‘My present dreadful situation’: The perils of fame as an 18th century actress
Shakespeare in Ten Acts, our major summer exhibition for this year, tells the story of 400 years of Shakespeare in performance. We tell the stories not only of the best known and most successful actors of the day, but also those who struggled to make a living and today have fallen from memory.
I curated the part of the exhibition showing women on the stage, from the unnamed first professional female actor who played Desdemona in Othello on 8 December 1660, right through to genderblind and genderqueer casting in the last few years. 18th century female actors typically came from difficult backgrounds and went on the stage through a lack of social options, and were discarded by theatre managers and the public when they became a little older.
The Folger Shakespeare Library has generously loaned us a number of items of memorabilia relating to female actors in this period. The cult of celebrity around the performers meant that women were evidently clamouring for domestic items such as a decorative tile with Jane Lessingham as Ophelia in Hamlet ...
Jane Lessingham as Ophelia in Hamlet © Folger 241098 ART (realia) (B2d). Used by permission of the Folger Shakespeare Library under a Creative Commons Attribution-ShareAlike 4.0 International License.
...or a perfume bottle with Ann Barry as Constance in King John -
Perfume bottle with Ann Barry as Constance in King John - Items loaned by the Folger Shakespeare Library
...or even an enamel medallion featuring George Anne Bellamy with David Garrick, as Romeo and Juliet -
David Garrick and George Anne Bellamy in Romeo and Juliet. Based on a painting by Benjamin Wilson engraved by Ravenet. Enamel, ca. 1765 © Folger Shakespeare Library
I found George Anne Bellamy’s story the saddest. She was a star of the Covent Garden stage, particularly successful in romantic roles. She was extremely popular with the public, and when a rival actress was cast as Cordelia in King Lear, Bellamy arranged for handbills to be distributed to the audience, stating that the part had been taken from her the previous night but that she would ‘be ready in case I should, that evening, be honoured with the preference'. The crowd cried in her favour and she was waiting in the wings to replace her humiliated rival.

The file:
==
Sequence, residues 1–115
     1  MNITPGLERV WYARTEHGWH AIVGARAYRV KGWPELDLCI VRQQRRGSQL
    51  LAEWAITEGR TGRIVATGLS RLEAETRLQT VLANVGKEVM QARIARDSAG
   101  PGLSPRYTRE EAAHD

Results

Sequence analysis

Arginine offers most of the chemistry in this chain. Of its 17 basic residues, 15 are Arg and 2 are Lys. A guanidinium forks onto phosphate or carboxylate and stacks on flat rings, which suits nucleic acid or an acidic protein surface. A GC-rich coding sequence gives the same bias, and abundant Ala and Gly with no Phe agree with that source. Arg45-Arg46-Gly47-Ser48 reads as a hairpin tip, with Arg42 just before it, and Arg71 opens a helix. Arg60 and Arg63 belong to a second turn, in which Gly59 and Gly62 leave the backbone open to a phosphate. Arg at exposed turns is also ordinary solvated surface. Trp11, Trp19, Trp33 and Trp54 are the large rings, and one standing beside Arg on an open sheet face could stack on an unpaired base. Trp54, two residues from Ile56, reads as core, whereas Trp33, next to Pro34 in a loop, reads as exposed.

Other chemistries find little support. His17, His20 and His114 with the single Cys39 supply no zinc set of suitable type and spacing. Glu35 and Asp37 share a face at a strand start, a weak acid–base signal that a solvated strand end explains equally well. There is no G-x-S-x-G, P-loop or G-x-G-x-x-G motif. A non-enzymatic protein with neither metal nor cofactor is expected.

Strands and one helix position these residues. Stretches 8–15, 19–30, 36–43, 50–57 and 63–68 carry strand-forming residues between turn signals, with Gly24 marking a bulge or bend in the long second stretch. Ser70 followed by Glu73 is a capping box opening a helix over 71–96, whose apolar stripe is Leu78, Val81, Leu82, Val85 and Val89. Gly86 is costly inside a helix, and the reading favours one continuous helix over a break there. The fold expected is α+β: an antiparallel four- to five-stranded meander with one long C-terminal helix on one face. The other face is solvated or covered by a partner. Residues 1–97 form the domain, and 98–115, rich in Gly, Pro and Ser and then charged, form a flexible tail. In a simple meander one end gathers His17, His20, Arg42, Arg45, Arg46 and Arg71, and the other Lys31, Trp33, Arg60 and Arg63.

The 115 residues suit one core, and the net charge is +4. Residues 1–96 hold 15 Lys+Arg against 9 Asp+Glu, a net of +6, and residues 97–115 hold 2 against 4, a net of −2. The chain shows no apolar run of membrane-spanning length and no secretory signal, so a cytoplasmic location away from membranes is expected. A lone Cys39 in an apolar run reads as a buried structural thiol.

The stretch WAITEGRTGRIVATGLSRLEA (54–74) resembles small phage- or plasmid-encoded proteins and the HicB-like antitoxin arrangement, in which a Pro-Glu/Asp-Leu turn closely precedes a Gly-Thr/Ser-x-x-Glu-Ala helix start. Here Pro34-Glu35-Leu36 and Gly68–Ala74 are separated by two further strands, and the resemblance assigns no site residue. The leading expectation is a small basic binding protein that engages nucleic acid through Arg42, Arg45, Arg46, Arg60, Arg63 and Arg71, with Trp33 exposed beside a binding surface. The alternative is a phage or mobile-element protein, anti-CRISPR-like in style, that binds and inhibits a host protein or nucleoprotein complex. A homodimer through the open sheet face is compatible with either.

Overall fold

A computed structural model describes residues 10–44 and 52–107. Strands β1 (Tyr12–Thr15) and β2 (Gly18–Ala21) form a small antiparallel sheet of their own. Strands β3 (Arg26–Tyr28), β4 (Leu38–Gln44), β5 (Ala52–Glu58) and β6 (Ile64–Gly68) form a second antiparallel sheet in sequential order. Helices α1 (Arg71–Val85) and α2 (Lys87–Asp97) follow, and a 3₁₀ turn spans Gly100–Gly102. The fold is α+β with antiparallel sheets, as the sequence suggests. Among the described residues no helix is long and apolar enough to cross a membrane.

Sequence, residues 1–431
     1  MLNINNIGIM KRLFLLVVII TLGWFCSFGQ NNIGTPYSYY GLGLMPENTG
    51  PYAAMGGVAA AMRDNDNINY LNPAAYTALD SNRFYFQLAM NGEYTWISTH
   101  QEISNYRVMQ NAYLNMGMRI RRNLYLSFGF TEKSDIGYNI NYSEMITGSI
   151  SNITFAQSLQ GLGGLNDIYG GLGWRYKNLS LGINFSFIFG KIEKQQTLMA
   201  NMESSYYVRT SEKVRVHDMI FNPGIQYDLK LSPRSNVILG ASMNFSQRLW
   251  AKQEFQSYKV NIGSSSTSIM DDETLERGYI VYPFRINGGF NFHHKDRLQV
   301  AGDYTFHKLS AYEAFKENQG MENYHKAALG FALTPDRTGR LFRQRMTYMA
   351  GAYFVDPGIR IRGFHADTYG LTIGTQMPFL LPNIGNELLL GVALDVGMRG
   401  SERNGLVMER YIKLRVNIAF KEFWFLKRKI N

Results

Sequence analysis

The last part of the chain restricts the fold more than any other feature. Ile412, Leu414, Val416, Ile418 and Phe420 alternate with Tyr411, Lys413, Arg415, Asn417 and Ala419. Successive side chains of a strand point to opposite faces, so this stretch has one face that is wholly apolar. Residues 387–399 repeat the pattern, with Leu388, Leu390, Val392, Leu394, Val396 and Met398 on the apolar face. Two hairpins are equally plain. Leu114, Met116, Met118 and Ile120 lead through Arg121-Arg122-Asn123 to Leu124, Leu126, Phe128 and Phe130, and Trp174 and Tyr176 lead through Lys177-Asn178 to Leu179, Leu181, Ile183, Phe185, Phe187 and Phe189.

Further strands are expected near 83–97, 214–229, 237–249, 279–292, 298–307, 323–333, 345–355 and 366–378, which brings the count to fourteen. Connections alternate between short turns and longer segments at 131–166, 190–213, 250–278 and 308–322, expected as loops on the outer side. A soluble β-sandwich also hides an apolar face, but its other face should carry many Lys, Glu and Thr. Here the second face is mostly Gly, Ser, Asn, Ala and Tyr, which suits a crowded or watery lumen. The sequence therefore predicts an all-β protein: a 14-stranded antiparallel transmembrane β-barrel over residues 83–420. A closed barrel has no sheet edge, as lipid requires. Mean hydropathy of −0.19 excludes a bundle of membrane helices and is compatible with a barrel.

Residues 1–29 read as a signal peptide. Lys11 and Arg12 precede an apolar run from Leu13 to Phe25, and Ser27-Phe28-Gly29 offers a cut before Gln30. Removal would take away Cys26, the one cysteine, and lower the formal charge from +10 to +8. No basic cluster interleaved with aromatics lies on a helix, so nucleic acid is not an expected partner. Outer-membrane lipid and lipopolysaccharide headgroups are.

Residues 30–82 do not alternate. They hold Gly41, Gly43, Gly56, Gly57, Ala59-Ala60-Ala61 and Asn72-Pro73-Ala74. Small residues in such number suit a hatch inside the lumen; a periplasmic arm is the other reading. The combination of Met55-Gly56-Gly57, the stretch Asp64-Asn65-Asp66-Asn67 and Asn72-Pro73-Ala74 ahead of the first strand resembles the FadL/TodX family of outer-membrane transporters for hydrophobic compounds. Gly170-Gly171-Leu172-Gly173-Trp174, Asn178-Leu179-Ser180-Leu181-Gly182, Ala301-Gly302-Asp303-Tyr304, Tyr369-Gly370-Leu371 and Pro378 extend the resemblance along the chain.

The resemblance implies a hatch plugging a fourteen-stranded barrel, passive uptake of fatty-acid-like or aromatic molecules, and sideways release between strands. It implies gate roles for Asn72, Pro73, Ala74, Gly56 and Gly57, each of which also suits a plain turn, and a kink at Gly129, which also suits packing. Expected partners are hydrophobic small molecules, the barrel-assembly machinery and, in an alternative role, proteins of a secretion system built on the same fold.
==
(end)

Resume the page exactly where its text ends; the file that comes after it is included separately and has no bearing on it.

This might seem like an unsisterly act, but the stage was a cut-throat business for women and the crowds could be very fickle. Indeed by her late thirties, Bellamy’s fame was beginning to fade and she was plagued by gambling and lifestyle debts. She had also had three illegitimate children.
I uncovered three poignant letters written by Bellamy amongst the private papers of Robert Clive at the British Library.
The letters date from summer 1767, when Clive had just returned from India for the final time. Bellamy, recently released from a debtor’s prison, wrote to him begging for money. In the first letter, she explains that ‘My having had too liberal an education for my fortune, I was induced to come upon the stage where youth, adulation and my natural vivacity, as well as keeping too good company, led me into unpardonable follies’. She wrote two further letters in increasing desperation and concern that the letters had not been delivered properly. On the back of each of the three letters, Clive or his secretary wrote the words ‘no reply’.
Most of these women are almost entirely forgotten today, while their male counterparts who acted with them – David Garrick or Spranger Barry – are still relatively well-known. It’s nice to be able to tell these women’s stories for a change.
Co-curator, Shakespeare in Ten Acts
India Office Private Papers Mss Eur G37/94/1 & 2 Letters sent from George Anne Bellamy to Robert Clive 1767
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